• It is not essential for the pull-up circuits PU1 and PU2 in Figure 8 to be connected to the common node CN. The pull-up circuit PU1 and PU2 could be connected to potentials other than VCN, but it is desirable that these potentials should at least be compatible with VCN, for example they should track VCN (i.e. have a constant or small-variation offset from it). It may be desirable to include such an offset when the transistor parameters of a matched pair (made up of a disabling transistor and a corresponding switching transistor) must be different, for example because of the different current which it is required to pass through the transistors when ON.
  • In the Figure 8 circuit, the transistors 43 and 45 of the pull-up circuits PU1 and PU2 serve to prevent a possible situation in which the disabling transistor and pull-down transistor of the same driver circuit are both ON momentarily at the same time. The transistors 43 and 45 could be eliminated if it can be guaranteed by some other means that the disabling transistor and pull-down transistor of the same driver circuit cannot both be in the ON condition simultaneously (guaranteed non-overlap).
  • Referring now to Figure 11, another preferred implementation of the first embodiment at the transistor level is shown.
  • Such a circuit is suitable for use in a DAC and, for completeness, Figure 11 shows, in addition to the differential switching circuit 50, a current source 52 and a cascoding transistor 54 connected in series between a common node CN of the differential switching circuit 50 and a supply line Vdd. The current source 52 corresponds, for example, to one of the binary-weighted current sources 21 to 2n shown in Figure 1. However, it is not necessary for the current sources to be binary weighted. It is also possible for the current sources to be identical, as in a so-called "segmented" or "partially segmented" DAC architecture, as described for example in "Principles of Data Conversion System Design", Behzad Razavi, pp. 90 to 94. The current source 52 is provided by a large p-type FET (or possibly several parallel-connected smaller p-type FETS) whose gate is (or gates are) connected to receive a bias voltage Vpcs which is fixed in relation to Vdd. The cascoding transistor 54 is also a p-type FET which receives at its gate a further predetermined bias voltage Vpcasc which is also fixed in relation to Vdd. The cascoding transistor 54 maintains the drain of the current source transistor 52 at a fixed voltage and so shields the current source transistor from voltage swings at its output that would otherwise be caused by variations in the voltage Vtail of the common node CN of the differential switching circuit 50 as the potentials of the output nodes OUT1 and OUT2 of that circuit change. The connection between the drain of the current source transistor 52 and the source of the cascoding transistor 54 may be relatively long, so as to facilitate layout flexibility bearing in mind that the current source transistor 52 is a large transistor (or several small transistors connected in parallel). The cascoding transistor may be omitted in some designs.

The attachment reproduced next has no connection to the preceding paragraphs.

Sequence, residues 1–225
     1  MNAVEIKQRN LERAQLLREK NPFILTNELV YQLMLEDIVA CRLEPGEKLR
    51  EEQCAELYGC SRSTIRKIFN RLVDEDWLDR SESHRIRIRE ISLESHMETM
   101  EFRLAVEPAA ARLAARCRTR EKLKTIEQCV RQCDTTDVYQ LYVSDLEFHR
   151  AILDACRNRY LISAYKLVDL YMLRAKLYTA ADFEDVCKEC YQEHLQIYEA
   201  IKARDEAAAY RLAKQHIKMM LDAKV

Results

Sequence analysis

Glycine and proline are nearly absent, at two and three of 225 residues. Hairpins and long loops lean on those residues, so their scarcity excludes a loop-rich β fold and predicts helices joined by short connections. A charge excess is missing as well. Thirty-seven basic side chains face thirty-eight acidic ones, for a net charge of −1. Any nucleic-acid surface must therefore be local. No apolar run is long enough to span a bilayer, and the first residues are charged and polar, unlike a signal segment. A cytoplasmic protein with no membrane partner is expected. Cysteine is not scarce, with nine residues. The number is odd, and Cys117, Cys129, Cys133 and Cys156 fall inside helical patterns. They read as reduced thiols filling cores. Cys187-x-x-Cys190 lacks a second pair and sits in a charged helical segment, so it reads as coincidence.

• It is also possible to employ a current sink circuit in place of the current source circuit shown in Figure 11, in which case the conductivity types of the transistors are reversed and the bias potentials for the transistors S2 and S4 should be fixed in relation to Vss.
  • It will be seen that the differential switching circuit 50 in Figure 11 includes elements corresponding to the elements PU1, PU2, PD1, PD2, S1, S2 and 41 to 46 of the differential switching circuit 40 of Figure 8 and the same reference numerals are used in both drawings accordingly.
  • In the Figure 11 differential switching circuit 50 each driver circuit 12 or 14 further includes a tri-state pull-down circuit TPD1 or TPD2 having an n-type FET 55 or 56. This n-type transistor has its gate connected to receive the disabling signal DIS1 or DIS2 of its driver circuit 12 or 14, and has its source connected to Vss and its drain connected to the gate of the switching transistor S1 or S2 driven by its driver circuit. The tri-state pull down circuits PD1 and PD2 are provided in the driver circuits 12 and 14 to prevent the switching signal SW1 or SW2 of the driver circuit from being in a tri-state (high-impedance) condition prior to the disabling transistor 44 or 46 of the driver circuit turning ON (see the dotted line of the "S1 GATE" waveform in Figure 10). The n-type transistor 55 or 56 in the tri-state pull down circuit is held in the ON condition as long as the disabling signal applied to the driver circuit is present. Thus, the switching signal of the driver circuit concerned is held low until the disabling signal is removed, preventing possible problems due to changes in the gate potential of the switching transistor being driven by the driver circuit when the pull-down circuit PD1 or PD2 of the driver circuit is inactive due to an input-signal change.
  • The Figure 11 differential switching circuit also includes, in each pull-down circuit PD1 or PD2, a further n-type transistor 58 or 59 in addition to the transistors 41 and 42 shown in Figure 8. These transistors 58 and 59 are connected in series with the transistors 41 and 42 respectively and receive at their respective gates a predetermined bias voltage Vnbias that is fixed in relation to Vss. The transistors 58 and 59 serve respectively as constant current sinks which control the rate of change of the switching signals SW1 and SW2 when the pull-down circuits are activated. This is helpful in avoiding glitches in the output node potentials that would otherwise be caused by rapid switching of the switching transistors S1 and S2.